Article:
keto mojo vs biosense comparison review
Home Metabolic Cancer Therapy Resources Keto Mojo v Biosense: Which is the Best Ketone Monitor?

Keto Mojo v Biosense: Which is the Best Ketone Monitor?

by Maggie Jones

I had a chance to do a head to head test of the Keto Mojo blood ketone meter and the Biosense breath ketone meter during my recent 8-day water fast.

I tested my blood and breath ketones using both multiple times throughout the day. My impression is below.

First, a quick reminder on why I planned to switch to Biosense:

  • Less cost: break even at 300 tests, $1.00 per test savings thereafter
  • Better accuracy: clinically proven precision vs “within 20%”
  • No finger pricking
  • Faster: I expected the time to blow and wait for results would be faster than pulling out my gear, pricking, taking a blood drop, and waiting for results
  • More convenient: Traveling with all my gear and storing extra strips isn’t a huge deal but I was excited to just slip the Biosense in my purse and be done with it.

Unfortunately, many of my expectations didn’t quite match reality after I was able to try the device.

Here’s how the Biosense compared to my Keto Mojo on factors of:

Or skip straight to the bottom line.

One quick note: The Biosense measures ketones using a unit called ACEs. 10 ACEs is roughly equivalent to 1.0 mmol/L of BHB blood ketones. 20 ACEs on Biosense roughly equals 2.0 on keto mojo, 30 ACEs approximates 3.0, etc. Just move the decimal point space to translate.

Finger Pricking: Advantage BioSense

The Biosense has the clear advantage here. For people like my sweet husband Brad who hate needles and blood, a breath meter really is the best solution, and Biosense is the only breath meter out there with clinically proven accuracy. In fact, I expect Brad to be the primary user of our Biosense.

However, if you’re tracking your GKI for therapeutic ketosis and not just your ketones, you’ll likely still need to prick for the glucose test. The alternative, which I’ve tried, is a continuous glucose monitor (CGM). A CGM only needs to be inserted every two weeks and will send 8 hours of recorded data to my phone via Bluetooth with just a tap.

Most of the time I’m not wearing a continuous glucose monitor, though – and most therapeutic keoters aren’t either. Instead, I’m using the Keto Mojo as my blood meter and can use the same drop of blood for measuring my ketones, too.

Biosense is therefore generally best in the finger-pricking department for those who are only tracking ketones and not GKI.

Cost: Advantage Biosense

Even though the up-front cost is substantially higher, there’s no incremental cost per test with the Biosense vs the average $1 per ketone test strip cost of the Keto Mojo.

If you plan to test more than 300 times, Biosense really does come out on top.

BiosenseKeto Mojo
Meter Cost$299$49 (comes with 10 strips)
Cost per ketone test (per strip)$0$1
Cost after 300 tests$299$339
Those monitoring their GKI will also need a monitor for blood glucose. Keto Mojo also acts as a blood glucose meter. Those are usually in the $30-40 range so I feel that $300 makes a good break even mark.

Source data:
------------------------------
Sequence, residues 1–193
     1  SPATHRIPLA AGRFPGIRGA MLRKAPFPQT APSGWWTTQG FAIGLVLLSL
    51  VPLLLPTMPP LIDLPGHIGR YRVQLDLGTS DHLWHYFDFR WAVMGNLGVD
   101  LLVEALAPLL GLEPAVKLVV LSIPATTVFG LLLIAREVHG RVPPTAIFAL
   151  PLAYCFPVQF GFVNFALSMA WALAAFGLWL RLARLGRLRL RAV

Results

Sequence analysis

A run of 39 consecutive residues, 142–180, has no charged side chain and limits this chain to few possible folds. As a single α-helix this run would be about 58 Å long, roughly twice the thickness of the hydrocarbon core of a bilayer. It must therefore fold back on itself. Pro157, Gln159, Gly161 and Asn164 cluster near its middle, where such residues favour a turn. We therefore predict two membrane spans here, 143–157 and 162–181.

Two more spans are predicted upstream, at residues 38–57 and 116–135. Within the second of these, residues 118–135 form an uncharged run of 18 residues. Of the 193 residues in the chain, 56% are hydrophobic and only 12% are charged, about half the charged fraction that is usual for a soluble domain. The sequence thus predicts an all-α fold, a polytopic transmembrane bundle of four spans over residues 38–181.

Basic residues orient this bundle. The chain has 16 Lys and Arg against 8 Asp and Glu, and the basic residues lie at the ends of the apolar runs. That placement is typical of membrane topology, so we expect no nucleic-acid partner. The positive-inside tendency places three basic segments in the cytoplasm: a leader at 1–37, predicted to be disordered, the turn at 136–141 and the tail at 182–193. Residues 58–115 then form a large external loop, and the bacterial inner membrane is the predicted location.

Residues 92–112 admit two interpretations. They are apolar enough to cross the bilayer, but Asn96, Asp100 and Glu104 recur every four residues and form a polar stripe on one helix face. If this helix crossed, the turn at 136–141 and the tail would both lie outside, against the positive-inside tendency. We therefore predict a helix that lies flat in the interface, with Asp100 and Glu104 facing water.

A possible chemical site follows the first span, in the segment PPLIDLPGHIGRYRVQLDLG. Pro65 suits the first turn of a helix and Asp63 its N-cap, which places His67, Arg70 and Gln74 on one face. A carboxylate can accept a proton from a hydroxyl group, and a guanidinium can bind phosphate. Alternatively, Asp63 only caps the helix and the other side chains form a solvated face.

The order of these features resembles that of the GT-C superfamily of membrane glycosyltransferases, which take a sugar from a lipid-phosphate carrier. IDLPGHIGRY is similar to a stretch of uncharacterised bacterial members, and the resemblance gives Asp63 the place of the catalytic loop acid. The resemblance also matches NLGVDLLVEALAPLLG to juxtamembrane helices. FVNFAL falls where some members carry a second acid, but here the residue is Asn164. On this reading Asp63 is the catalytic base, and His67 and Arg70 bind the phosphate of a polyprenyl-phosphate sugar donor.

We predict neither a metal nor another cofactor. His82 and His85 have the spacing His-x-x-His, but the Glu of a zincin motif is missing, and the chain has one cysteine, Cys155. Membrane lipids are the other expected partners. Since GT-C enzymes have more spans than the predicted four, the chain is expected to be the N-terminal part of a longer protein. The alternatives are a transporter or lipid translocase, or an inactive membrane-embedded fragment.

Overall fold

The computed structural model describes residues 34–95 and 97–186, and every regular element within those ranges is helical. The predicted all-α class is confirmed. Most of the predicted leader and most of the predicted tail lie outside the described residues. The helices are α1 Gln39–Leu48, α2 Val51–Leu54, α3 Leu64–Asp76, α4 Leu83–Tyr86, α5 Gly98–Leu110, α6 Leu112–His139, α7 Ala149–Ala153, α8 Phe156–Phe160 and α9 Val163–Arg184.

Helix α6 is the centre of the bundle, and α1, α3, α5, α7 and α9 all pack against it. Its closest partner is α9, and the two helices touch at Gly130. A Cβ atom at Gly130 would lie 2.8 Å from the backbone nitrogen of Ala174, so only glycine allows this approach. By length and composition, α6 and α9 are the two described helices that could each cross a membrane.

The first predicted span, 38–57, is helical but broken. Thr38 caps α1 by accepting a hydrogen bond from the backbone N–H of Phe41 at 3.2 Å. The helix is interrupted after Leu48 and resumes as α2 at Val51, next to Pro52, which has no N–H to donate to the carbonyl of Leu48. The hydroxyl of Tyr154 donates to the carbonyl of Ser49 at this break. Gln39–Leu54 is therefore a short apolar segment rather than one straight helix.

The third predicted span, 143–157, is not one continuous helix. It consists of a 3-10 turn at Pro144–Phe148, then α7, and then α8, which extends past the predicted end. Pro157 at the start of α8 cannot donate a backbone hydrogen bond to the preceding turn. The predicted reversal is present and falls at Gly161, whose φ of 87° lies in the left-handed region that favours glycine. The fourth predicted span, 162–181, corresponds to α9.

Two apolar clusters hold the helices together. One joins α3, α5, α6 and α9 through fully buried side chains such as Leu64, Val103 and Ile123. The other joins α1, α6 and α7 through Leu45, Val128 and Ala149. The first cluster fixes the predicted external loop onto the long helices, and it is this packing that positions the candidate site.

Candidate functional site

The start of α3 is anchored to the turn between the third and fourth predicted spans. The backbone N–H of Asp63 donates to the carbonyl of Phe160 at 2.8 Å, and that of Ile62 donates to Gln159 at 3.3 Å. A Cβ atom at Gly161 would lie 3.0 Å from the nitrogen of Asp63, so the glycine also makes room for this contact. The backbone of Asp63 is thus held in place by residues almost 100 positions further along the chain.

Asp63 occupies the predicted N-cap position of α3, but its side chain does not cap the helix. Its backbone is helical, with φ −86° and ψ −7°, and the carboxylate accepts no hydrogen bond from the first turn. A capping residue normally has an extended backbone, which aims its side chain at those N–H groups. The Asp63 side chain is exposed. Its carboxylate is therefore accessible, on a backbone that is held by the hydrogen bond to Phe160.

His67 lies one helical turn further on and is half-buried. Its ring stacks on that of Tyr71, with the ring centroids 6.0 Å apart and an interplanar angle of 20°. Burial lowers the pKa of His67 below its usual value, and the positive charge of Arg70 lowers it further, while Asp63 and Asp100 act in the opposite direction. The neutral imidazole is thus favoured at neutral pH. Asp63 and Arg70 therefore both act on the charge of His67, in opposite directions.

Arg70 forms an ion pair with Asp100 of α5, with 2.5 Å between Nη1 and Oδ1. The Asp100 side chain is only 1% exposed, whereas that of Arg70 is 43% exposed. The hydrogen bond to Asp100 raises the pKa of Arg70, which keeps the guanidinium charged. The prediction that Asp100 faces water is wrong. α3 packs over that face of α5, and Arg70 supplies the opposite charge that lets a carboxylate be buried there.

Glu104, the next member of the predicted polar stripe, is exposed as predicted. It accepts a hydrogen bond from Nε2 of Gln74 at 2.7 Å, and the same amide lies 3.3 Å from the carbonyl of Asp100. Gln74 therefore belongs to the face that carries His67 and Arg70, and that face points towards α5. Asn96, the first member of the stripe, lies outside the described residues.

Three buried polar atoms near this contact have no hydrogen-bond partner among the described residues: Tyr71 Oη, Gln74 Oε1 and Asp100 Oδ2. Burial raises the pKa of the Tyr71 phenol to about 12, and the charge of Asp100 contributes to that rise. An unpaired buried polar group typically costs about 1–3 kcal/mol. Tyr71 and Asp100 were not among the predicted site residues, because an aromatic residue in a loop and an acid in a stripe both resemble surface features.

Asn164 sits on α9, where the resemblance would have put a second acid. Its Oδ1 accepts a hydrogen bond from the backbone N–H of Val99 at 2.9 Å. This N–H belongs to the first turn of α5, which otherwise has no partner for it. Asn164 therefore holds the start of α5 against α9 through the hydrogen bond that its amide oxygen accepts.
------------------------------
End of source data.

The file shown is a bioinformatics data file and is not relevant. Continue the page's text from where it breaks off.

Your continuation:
Time to Test: Advantage Keto Mojo

Ohmygod the Biosense takes so long to test. Over two minutes of noisy “preparing the device” before each test. Then usually 10 seconds to blow and sample, then 20 more seconds to analyze and display the results.

IF it doesn’t automatically start “deep clean” mode which takes well over 5 minutes. After my first day of testing I was in deep clean mode every time.

Note that, you only have a 2 minute 15 second window after “preparing the device” in which to test. If you get distracted and miss that window, you will need to wait over 2 minutes to prepare the device again. At my most focused, each test took 3 minutes.

Keto mojo takes 7 seconds to charge after insertion of a test strip. I usually prick during that time. Less than 5 seconds to register my blood drop and 10 seconds for results.

BiosenseKeto Mojo
Time to charge135 sec or 305 sec with deep clean8 sec
Time to sample9 sec4 sec
Time for analyze20 sec10 sec
Total test time164 – 334 sec22 sec
The biosense takes a long time to charge.
Biosense takes a while to charge and become ready for use – here it’s been over 4 minutes and we’re on cleaning cycle 2 out of 3.

Convenience: Debatable

The Biosense has less to keep track of, which is nice. Just the device itself in its small carrying case if I’m going out for the day. To conduct a test on the Keto Mojo I need the device, strips, and the lancet for pricking, all of which fit in the larger carrying case.

What I didn’t take into account with the Biosense was the fact that it needs to be charged so I need to keep track of it’s micro USB charger. It’s a little more brain space for my nomad life living out of a suitcase and adds the risk of running out of battery.

This could just be a problem with my limited mental bandwidth. The Keto Mojo requires keeping track of strips, the lancet, and backup lancet needles so pick your poison.

Really, it’s just the time investment and noise involved in Biosense testing that keeps me reaching for the Keto Mojo.

Size comparison of the keto mojo with strips and lancet (bottom) to Biosense.
Size comparison of the keto mojo with strips and lancet (bottom) to Biosense (top)

Accuracy: Debatable
Precision: Advantage Keto Mojo